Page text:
Trapping Effects and Fisheries Research: A Case Study of Sockeye Salmon in the Wenatchee River, USA
Trapping facilities are regularly used to achieve a variety of fishery research and management goals. Though care of sampled organisms is a central tenet of most agencies, the effects of trapping on fish behavior are seldom quantified. We used passive integrated transponder technology to calculate passage delay and blockage of adult Sockeye Salmon at a facility where all spring‐migrating fishes were trapped for research between 2008 and 2010. Median passage delay ranged from 0.4 to 8.7 days, and 8% to 38% of the return (2,387 to 21,090 adults) was precluded from reaching upriver spawning habitat. A protocol limiting trapping to less than 24 h per week was implemented in 2011 and median delay decreased to 6 min, with the result being that nearly all fish were able to ascend to spawning grounds for two consecutive years. The annual variation in delay was unrelated to run size or river flow, indicating that research activities requiring intensive trapping operations had inadvertently blocked tens of thousands of adult salmon from reaching spawning tributaries. We use this case study to advocate the adoption of a precautionary approach where trapping of adult migratory fishes is proposed but the effects are unknown.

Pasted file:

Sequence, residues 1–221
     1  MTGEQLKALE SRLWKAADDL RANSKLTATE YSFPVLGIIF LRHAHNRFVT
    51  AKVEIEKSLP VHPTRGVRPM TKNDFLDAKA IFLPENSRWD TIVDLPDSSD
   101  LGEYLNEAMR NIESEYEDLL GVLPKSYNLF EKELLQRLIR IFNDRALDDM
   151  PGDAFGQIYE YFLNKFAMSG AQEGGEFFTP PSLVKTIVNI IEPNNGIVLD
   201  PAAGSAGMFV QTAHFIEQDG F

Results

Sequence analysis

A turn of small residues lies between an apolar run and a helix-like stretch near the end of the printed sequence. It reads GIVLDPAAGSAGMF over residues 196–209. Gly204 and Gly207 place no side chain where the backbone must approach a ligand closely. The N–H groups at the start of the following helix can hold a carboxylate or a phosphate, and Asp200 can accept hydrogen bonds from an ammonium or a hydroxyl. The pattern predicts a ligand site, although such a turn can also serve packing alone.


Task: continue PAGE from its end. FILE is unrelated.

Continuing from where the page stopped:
Murauskas, J.G., J.K. Fryer, B. Nordlund, and J.L. Miller. 2014. Trapping effects and fisheries research: a case study of Sockeye Salmon in the Wenatchee River, USA. Fisheries 39(9):408-414. Online at https://doi.org/10.1080/03632415.2014.943366.